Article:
but a book is open on the lectern.

She seems at peace, one hand raised

as if to ask if the archangel would like a cup of tea.

I like that her knees are open, her ankles uncrossed.

Mary is manspreading. The best Annunciation

is Simone Martini’s in the Uffizi:

a 1333 gold on gold confection

where Mary pulls away from the kneeling angel

and familiar lily spray. Her lip is curled,

as though the angel stinks,

as though she wants to say,

“God wants to do what, now? To me?”

“The Lord is with you,” he repeats. “And when I say

‘with you’ I mean . . .”


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After The Encyclopedia of Unusual Sex Practices


For years, at work in the mall,

I curved my hands up

a customer’s forearm,

scooped around her elbow

and pulled, as on a rope,

down the muscles leading

to her palm. Pressure applied

To the mount-of-venus,

which lies at the base of the thumb,

Don’t make love, I was told

when being trained for the job,

my ministrations too light.

There’s nothing worse

than a limp massage.

She grabbed me hard. Fuck it.

Pinching, firmly, you could watch

your customer’s shoulders drop.

I’d stand there pinching,

my mouth spinning, weaving sensuous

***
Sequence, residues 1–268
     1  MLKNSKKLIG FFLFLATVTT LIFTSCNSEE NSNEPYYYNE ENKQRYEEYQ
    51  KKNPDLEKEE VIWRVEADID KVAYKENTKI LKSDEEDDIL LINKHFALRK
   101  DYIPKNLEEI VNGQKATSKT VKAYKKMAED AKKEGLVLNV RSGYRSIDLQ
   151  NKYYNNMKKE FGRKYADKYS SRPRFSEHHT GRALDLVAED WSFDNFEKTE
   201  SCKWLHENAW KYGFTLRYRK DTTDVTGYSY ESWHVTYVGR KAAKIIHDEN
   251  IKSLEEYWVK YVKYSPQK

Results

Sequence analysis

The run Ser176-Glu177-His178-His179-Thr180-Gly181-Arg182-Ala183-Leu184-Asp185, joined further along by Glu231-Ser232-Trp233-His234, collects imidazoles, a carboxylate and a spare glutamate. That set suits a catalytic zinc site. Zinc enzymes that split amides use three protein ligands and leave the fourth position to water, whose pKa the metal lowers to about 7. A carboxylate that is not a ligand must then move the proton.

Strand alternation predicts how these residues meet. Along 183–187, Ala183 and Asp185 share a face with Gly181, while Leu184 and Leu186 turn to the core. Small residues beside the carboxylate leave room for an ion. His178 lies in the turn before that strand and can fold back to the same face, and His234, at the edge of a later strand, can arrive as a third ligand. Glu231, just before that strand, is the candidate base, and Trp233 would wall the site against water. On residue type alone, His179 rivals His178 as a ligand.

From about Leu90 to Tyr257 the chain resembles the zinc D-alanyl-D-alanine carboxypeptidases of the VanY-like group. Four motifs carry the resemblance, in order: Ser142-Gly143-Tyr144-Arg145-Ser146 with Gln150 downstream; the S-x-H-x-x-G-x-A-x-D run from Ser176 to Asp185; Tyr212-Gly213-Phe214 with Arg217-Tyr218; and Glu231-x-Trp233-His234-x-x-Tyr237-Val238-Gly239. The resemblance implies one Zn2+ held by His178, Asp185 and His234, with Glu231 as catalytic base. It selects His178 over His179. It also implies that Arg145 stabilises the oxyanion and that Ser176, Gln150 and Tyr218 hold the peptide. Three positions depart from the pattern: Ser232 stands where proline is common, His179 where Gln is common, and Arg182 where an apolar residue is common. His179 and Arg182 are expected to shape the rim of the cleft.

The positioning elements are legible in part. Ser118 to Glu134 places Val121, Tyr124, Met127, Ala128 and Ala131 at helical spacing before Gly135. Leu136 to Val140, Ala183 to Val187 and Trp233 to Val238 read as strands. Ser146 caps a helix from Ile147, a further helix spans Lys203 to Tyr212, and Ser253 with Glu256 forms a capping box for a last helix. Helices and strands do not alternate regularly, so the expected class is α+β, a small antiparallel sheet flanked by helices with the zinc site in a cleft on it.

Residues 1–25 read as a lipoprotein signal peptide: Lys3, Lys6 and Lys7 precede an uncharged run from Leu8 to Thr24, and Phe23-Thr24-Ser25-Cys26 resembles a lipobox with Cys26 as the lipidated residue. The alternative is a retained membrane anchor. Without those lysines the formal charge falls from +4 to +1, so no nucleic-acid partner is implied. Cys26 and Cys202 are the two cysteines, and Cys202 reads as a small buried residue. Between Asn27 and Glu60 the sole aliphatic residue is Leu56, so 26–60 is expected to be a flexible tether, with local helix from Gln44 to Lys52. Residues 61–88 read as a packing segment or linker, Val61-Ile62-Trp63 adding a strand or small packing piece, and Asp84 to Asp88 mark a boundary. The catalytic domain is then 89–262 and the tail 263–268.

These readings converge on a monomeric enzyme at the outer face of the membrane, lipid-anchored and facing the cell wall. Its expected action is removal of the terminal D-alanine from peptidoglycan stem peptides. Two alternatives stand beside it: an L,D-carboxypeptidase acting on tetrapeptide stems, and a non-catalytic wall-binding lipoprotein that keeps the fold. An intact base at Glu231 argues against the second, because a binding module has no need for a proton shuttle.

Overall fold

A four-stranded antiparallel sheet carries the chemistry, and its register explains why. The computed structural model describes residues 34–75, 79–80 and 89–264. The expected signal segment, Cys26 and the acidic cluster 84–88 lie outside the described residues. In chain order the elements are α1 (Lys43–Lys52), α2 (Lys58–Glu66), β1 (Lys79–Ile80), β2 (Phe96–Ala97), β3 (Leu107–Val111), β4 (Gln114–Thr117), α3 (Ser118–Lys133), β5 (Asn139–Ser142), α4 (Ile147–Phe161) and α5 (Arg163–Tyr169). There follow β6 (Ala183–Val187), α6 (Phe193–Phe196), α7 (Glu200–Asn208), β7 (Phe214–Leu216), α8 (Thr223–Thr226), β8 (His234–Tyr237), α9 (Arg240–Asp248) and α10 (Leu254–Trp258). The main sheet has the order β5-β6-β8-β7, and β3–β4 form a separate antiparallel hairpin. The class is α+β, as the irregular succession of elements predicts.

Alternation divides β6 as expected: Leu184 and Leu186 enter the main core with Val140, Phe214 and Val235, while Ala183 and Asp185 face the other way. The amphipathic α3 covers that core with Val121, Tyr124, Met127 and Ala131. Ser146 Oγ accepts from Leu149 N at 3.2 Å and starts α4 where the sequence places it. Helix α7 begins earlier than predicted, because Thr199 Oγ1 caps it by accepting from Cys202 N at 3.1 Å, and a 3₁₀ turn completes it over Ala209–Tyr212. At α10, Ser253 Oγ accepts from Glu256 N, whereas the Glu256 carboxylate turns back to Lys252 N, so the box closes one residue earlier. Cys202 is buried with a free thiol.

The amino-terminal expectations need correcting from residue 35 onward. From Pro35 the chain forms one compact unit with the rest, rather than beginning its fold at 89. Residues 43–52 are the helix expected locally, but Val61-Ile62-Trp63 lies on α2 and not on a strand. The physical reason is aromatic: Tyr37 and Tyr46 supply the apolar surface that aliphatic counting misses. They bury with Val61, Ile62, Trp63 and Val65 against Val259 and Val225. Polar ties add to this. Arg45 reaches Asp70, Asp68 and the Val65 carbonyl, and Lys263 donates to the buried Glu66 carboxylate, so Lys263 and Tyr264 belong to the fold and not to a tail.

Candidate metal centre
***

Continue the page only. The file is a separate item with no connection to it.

ingredients like a weird sister

above a cauldron:

orange blossom honey,

bladderwrack, and

Queen of Hungary water.

Hen’s teeth, horse toes,

and fern seeds. Green-tinted sugar,

lemon, salt; I performed

an “arm treat” and then a “face treat”

with my hands sliding in prayer position

across the bridge of a woman’s nose.

“This feels so good,” she purred.

“I could just take you home with me.”

“Yes,” I said. “I could sleep under your bed.”


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“I’m basically a volunteer,” says the Sephos at the counter

crowned in the latest magic blond: homebrewed highlights in his tidy pomp.

Nametag: Matte. More cheek than chic, “Will work for food and lipstick.” He has trompe

l’oeil contours, claims his paychecks dissolve into aerosol and powder.

Mine, too. I drown from aisle to aisle in this year’s Pantone color

and touch as much as possible, swab my lips with every cru classé: Noir

cream liners; slim doefooted glosses in cabernet, and fleurie beaujolais.

I look for Blocked Heart, the signature shade of Zipporah the flint-cutter

who circumcised her son to save her man. Though the story’s unclear, now,

If she sacrificed her own “Understanding.” (Clit?) Translation’s detritus:

is she named “bird” or “beauty”?; God’s wrath at the inn in Exodus;

“Just once” — once! — “in her whole married life” she spit on godliness.

Matte says, “She did what she had to do. Her man was up to his waist in snake, child.”

I pay, Blood on my mouth for my bridegroom; my teeth smudged dark with smile.


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Eileen Rush
is a queer Appalachian poet, writer, and narrative designer living in Lexington, KY. She has worked as a journalist, grant writer, social media marketer, and soap seller. All of these jobs have influenced her writing, but some made her feel and smell better than others. She earned an M.F.A. in Creative Writing from the University of Florida. Her work can be found in Pleiades, The Journal, The Southern Review, and elsewhere.


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December 2019.EILEEN RUSH

A dozen poets. One a month. Nothing more.